Any IT solutions for the aged care sector need to be simple, consistent and interoperable, said the expert panel at the IT Across Care (ITAC) conference.
During the session on the report from the Royal Commission into Aged Care, several industry leaders offered invaluable insight into the functionality that IT providers should be considering as the sector heads into a phase of major modernisation.
With an emphasis on assistive tech and data collection, the opportunity for providing network hardware for facilities and into people’s homes was discussed, but the major emphasis was on required functionality for digital solutions.
Interoperability was the word of the day as the experts outlined both the opportunities and the difficulties of making solutions that would make a real difference.
The Architecture Practice CEO Saurabh Anand said poor interoperability was a “key finding” of a report the company did to aid the Royal Commission.
“There's little to no interoperability standards that are defined and used across the aged care sector. Plus, there's limited interoperability between aged care providers, GPs, hospitals, specialists and the Australian government. There seems to be a disconnect in how we share information, or lack of that altogether,” he said.
Grant Thornton Australia principal John Picot added that there needs to be awareness at the early planning stage that interoperability can be as challenging as it is vital.
“We see great expectations around the integrations between core business systems as part of a new project, and very often the expectation gets whittled away through the life of the project as they discover how difficult that is, particularly around the inconsistent standards issue. [The problem is] not understanding from the beginning how much effort will be required to ensure that interoperability really does deliver on the expectations and the needs of the business.”
However, no matter how complex the solutions get, IT providers need to be conscious that user experience is fundamental.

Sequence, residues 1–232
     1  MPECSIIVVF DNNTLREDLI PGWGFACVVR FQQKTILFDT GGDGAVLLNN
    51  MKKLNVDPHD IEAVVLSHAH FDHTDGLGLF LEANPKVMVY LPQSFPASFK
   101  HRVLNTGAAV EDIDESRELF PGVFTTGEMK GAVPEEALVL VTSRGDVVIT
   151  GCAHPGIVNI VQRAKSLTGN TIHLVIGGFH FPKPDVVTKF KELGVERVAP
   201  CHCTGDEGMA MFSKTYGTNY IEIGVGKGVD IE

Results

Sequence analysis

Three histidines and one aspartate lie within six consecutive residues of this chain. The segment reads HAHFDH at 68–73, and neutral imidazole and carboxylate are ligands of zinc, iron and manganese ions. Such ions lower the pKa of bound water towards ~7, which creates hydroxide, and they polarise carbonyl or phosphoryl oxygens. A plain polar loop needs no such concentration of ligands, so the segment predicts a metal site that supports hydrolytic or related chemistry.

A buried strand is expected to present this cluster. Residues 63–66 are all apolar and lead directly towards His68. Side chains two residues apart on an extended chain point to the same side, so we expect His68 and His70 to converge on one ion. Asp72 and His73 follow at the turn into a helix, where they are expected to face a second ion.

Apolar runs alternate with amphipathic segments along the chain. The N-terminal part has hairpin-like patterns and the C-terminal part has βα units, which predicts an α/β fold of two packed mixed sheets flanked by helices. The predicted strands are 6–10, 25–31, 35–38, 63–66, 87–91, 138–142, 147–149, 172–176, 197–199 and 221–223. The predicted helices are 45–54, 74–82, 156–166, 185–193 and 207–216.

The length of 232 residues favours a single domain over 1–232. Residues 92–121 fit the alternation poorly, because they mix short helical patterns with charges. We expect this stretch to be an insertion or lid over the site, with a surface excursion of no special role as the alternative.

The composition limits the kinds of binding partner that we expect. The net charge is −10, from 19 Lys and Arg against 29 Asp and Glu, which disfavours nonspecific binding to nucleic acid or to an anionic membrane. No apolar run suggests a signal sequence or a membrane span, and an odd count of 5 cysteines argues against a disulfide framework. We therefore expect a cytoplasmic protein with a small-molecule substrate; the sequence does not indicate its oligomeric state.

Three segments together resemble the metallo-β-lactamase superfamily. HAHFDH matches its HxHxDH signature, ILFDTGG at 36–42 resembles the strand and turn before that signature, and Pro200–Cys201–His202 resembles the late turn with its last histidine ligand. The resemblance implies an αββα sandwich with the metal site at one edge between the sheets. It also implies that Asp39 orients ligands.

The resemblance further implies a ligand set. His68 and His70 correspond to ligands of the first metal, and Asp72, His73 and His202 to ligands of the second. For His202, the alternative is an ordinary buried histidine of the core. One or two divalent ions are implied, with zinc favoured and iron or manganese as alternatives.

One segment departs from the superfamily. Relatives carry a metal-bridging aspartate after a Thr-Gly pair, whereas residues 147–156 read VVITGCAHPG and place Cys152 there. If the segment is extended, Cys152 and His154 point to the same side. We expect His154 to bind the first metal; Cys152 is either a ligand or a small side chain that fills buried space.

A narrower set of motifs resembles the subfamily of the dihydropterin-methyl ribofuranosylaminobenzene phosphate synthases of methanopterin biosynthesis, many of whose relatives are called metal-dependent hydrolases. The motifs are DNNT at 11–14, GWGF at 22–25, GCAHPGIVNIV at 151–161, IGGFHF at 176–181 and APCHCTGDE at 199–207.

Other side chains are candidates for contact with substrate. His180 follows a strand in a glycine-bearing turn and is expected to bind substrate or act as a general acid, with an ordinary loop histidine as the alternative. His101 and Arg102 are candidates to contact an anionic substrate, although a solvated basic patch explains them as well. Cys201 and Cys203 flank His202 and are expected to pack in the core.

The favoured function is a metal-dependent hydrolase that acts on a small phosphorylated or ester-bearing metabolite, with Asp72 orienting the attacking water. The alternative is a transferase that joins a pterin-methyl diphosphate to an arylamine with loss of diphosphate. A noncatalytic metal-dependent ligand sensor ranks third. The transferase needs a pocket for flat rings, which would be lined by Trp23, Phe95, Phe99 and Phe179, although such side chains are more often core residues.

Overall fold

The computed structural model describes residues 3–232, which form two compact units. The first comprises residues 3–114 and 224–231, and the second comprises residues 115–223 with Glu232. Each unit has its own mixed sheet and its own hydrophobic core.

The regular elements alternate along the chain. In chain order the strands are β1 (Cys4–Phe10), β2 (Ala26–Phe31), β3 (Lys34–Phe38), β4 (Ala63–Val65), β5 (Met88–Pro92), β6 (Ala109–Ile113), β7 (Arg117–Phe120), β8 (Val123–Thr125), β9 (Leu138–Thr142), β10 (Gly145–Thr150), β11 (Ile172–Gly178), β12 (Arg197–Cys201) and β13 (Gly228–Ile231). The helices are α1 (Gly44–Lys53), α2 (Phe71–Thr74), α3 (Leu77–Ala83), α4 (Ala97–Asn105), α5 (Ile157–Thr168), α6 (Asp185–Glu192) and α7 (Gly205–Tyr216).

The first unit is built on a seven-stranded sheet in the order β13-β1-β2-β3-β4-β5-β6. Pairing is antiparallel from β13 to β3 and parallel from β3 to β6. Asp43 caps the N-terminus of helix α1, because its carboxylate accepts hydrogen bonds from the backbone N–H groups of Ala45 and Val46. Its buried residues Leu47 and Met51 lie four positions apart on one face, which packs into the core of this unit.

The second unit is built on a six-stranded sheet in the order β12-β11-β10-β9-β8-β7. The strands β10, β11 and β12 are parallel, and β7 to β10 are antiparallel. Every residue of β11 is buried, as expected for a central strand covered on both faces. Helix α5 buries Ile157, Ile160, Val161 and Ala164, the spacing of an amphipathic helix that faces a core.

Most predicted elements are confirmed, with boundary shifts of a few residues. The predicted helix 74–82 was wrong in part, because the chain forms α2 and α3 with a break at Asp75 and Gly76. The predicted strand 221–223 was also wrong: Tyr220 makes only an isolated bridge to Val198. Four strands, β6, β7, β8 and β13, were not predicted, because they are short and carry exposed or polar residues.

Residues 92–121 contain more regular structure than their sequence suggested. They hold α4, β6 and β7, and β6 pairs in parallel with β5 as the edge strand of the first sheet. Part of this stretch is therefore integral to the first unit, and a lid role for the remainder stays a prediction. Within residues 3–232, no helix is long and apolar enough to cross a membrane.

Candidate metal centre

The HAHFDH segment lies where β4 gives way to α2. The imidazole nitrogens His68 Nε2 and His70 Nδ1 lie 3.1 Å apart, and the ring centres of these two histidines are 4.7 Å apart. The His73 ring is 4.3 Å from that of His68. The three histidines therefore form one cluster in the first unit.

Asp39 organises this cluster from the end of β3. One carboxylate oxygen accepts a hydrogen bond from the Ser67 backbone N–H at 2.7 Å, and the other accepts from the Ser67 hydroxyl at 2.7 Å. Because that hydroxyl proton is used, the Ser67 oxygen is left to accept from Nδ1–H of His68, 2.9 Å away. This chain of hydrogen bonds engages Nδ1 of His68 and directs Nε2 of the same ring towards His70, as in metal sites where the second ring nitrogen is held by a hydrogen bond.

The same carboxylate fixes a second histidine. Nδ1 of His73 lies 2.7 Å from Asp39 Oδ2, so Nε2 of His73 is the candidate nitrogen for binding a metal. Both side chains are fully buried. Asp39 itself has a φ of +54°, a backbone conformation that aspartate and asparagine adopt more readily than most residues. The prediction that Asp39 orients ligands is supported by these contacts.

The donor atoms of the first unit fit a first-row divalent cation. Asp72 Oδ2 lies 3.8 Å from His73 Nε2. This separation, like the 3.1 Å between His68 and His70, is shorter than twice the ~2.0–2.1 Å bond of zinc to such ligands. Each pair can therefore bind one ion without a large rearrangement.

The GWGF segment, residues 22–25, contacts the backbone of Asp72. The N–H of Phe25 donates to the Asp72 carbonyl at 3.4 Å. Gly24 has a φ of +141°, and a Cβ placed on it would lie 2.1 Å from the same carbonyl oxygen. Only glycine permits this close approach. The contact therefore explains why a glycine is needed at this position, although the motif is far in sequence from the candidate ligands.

This can mean an opportunity for IT providers to add value through providing training for facility staff.
“Within the healthcare sector in the NHS, they will spend billions of pounds in upskilling the workforce in digital health capabilities,” Australasian Institute of Digital Health chief executive Dr Louise Schaper pointed out.
“We're never going to get that sort of money but I don't think it's necessary either, we can have a more strategic approach. As the sector is looking to pay more attention to workforce care and to upskill people in a supported way, we need to make sure that digital is a part of that.
“What we need to look at, to pull out one profession, what is a nurse … and what does a nurse working in aged care need to know about digital health to be the bloody best nurse that she or he can be?”
However, Picot said we need to take it one step further and ensure that digital solutions are completely intuitive in the way Big Tech has been doing for years.
“If you have to give people digital training, then you fail before you start. We need to learn the lessons from Google and Facebook and Apple. The real key here is to make the technology completely invisible and seamless and intuitive so that people can see what they need to do. They don't need an instruction book, they don't need a 50-page manual, they can work it out because it is so intuitive.”
He also addresses the need to consider workforce diversity in your approach to digital aged care.
“A large proportion of our workforce [is] made up of people that come from a non-English speaking background ... that's an immediate barrier to people being able to really be successful in their job.
“Policies and procedures ought to have a language translation engine sitting in the background – I click on a flag … and I can access my policies, my procedures, in a language that I absolutely understand in detail, without any difficulty dealing with technical words and technical issues.”
It’s not only the workforce that needs to be thought about; citizen users and the specific needs of an ageing population also have to be considered.
Grant Thornton Australia technology consulting senior manager Stephanie Bennett highlighted the need for accessibility and personalisation.
“There is technology available today to translate [information] into any language or have it meet disability [needs] like short-sightedness or hearing difficulties. It has to incorporate a person's preferences.”
She brought up an example from her own family of a person without sight who is not interested in recommended interventions, saying “if that's a person's preference, then it should be on the My Health Record. We should be able to integrate individualised preferences.”
The Government is slated to release more information in May about how they will be moving forward with the Commission’s recommendations.
The ITAC conference concludes today but all of the experts spoke about the need for a community among IT providers for aged care to help to create integrated systems that will function to provide a high level of care.